Why Does My Check Engine Light Only Come On When It’s Cold?
If you live in a cold area, you might notice your check engine light only seems to come on when it's chilly outside. Many car owners experience this, as well as a related phenomenon where the engine light flickers in low temps. Garage owners will also tell you they experience increased business in cold temperatures.
Unfortunately, while a check engine light coming on a cold day is a common occurrence, you shouldn't ignore it. The light could indicate a serious underlying problem, so we encourage you to take your car to the garage for further examination. Auto mechanics have computers that can run thorough diagnostics on your car to establish the cause of the problem.
What the Check Engine Light Means
As a car owner, a check engine light is probably the last thing you want to see. However, this light doesn't mean you have to pull the car over to the side of the road in the middle of your ride. It does mean that you should get your vehicle checked by a mechanic within a relatively short time, though. Ignoring it can result in severe consequences and additional repair expenses.
Experts advise driving at moderate speeds when you notice a flash check engine light. You should also avoid driving under heavy loads to reduce the risk of damage.
Diagnosing the Problem
One thing you can check before a trip to the garage is the gas cap—if it's loose from the last refill, it might be triggering the alert.
If that's not the problem, you can try checking the alert code yourself if you have a diagnostic reader. You might be able to reset the light yourself.
If not, though, you should visit your mechanic. Attending to the problem quickly prevents damage to the catalytic converter.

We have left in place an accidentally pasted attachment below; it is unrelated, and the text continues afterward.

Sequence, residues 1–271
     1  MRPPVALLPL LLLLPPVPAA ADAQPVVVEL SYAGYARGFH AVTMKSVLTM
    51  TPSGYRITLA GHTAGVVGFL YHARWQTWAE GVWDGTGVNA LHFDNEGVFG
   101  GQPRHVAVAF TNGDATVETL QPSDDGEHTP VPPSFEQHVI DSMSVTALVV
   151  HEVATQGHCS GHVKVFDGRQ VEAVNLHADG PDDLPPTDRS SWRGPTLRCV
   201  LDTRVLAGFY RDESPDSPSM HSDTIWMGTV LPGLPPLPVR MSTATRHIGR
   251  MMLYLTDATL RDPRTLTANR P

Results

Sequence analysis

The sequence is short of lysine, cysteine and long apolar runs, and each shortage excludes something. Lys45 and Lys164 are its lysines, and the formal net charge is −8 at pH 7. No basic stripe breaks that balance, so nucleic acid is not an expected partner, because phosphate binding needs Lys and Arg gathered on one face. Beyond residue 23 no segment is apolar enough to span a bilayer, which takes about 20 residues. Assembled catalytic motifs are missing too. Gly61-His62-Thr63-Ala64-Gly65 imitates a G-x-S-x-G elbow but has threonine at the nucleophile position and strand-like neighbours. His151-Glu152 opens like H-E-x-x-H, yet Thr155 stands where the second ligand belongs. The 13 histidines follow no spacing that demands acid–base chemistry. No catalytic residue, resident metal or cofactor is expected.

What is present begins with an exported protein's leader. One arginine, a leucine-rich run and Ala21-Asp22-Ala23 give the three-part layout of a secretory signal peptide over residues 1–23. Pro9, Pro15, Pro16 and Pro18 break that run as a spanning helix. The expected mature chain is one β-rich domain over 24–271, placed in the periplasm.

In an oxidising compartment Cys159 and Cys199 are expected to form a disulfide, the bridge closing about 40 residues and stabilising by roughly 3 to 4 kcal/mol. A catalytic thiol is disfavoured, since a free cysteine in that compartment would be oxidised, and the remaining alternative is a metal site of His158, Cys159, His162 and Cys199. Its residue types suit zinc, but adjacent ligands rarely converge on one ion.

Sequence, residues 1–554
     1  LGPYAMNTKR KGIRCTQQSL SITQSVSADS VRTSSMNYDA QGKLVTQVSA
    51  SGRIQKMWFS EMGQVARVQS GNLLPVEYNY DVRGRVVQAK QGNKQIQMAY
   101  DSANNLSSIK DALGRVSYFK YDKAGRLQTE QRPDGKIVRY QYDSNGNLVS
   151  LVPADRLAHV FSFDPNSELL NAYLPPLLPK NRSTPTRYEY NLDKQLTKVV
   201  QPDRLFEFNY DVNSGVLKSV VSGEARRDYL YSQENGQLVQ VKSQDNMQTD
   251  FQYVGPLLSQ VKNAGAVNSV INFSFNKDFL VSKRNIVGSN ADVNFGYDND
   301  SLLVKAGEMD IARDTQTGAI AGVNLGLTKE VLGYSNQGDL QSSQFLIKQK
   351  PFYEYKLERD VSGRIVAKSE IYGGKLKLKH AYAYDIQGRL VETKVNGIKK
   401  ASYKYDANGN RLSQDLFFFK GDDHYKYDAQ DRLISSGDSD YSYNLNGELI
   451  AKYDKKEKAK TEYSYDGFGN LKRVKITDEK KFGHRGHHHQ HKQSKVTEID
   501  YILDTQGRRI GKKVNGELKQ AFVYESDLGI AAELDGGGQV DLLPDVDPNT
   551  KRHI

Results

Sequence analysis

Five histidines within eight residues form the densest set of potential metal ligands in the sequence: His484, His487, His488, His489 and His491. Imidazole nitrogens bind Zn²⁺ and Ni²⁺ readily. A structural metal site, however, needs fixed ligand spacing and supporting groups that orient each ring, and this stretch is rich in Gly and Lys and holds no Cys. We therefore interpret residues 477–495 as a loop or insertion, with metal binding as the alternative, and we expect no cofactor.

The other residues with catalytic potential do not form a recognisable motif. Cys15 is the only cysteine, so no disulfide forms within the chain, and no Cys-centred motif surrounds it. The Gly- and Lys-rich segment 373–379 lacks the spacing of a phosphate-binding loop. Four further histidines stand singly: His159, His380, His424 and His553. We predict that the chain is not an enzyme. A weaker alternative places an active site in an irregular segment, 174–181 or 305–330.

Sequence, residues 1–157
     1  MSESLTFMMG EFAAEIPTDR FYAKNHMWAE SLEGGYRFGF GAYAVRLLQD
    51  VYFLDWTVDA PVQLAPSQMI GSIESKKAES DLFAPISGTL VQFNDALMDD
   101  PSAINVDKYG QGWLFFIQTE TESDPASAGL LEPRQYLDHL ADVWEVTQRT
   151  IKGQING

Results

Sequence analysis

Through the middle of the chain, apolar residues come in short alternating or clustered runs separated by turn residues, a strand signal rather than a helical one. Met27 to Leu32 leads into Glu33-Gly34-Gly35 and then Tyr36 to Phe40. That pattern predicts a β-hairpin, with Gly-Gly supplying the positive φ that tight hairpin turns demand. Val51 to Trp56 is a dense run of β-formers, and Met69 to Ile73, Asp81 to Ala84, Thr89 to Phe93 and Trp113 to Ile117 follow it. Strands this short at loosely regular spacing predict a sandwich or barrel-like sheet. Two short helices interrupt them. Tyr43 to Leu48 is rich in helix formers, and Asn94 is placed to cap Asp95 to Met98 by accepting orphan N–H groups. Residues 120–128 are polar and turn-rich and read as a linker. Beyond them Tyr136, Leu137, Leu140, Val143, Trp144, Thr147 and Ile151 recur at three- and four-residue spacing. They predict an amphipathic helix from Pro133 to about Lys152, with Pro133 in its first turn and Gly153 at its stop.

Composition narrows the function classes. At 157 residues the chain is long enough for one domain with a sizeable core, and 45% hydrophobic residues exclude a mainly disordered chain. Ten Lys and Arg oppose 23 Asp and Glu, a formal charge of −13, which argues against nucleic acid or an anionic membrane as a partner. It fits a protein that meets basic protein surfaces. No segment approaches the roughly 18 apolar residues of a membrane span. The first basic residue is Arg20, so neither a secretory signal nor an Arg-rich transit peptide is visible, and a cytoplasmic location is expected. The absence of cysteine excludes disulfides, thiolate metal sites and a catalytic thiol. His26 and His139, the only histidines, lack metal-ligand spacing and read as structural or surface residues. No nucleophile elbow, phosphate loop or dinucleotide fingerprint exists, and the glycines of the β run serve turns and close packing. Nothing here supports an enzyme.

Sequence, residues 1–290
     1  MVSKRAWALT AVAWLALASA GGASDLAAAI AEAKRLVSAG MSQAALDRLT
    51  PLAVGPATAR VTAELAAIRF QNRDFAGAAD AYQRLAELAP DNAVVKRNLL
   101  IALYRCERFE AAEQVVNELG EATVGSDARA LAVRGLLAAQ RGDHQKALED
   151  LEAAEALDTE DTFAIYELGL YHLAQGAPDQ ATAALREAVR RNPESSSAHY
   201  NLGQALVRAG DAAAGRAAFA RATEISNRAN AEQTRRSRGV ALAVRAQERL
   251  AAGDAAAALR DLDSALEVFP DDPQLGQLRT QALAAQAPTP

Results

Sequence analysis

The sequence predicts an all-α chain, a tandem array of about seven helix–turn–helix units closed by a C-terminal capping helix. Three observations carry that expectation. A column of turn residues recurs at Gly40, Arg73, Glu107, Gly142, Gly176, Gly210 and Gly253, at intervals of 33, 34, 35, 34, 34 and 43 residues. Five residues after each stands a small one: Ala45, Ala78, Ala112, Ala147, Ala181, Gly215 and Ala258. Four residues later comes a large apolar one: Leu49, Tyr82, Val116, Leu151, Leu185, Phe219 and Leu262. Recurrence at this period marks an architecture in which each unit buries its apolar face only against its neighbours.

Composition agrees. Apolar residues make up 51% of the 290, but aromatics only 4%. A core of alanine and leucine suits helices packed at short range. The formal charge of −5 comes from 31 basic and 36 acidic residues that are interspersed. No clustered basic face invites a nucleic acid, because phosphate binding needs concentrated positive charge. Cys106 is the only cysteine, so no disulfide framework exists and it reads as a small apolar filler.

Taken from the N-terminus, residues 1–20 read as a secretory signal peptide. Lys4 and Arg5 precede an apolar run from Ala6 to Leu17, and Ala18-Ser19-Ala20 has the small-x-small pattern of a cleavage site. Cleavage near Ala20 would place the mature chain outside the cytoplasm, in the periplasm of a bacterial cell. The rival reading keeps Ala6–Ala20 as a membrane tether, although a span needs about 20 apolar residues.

Experienced technicians can connect your vehicle's computer to a diagnostic reader that helps identify the problem. It does so by reading a code from your car's computer, which should indicate why the check engine light was activated.
Connecting the diagnostic computer to your vehicle also makes it easy for the technician to check the idle speed. It also allows them to analyze the manifold vacuum, fuel system pressure, and exhaust emission levels. When any of these areas have a problem, the check engine light can go on.
Once the technician diagnoses and fixes your car, everything will be back to normal. In this state, the check engine light turns off. Therefore, fixing whatever triggered the check engine light helps avoid further potential costly damage.
Check Engine Light and Extreme Cold Temperatures
There's a natural connection between check engine light and extreme temperatures. Freezing temperatures and ice formation can affect sensitive electronic circuits. These electronic circuits can then receive false voltage readings.
With that in mind, you could be wondering if it is safe to drive with the engine light on in cold temperatures. The general rule is that it's okay to drive at moderate speeds, but only when the light is steady. A flickering light is cause for greater concern, because it indicates some general faultiness in the electronics.
Before you drive the car to a repair shop, make sure the vehicle's essential systems like lights and brakes are functioning. Keep a close eye on your vehicle's dashboard to check for warning lights like oil pressure and coolant temperature.
Especially if you notice multiple warning lights, you should make an effort to get your engine fixed. There are several consequences associated with not attending to these indicators.
Costs and Damage
Ignoring your engine light for a long time will probably only cost you more money in the end. This is because you'll be forced to spend more on repairs and possible replacements.
The engine is the sole of your vehicle, so unless you prefer to use it as driveway decoration, you can't afford to ignore its warning lights. It's always a good idea to take your vehicle in for a checkup when you notice the check engine light is on, or at least run a diagnostic yourself.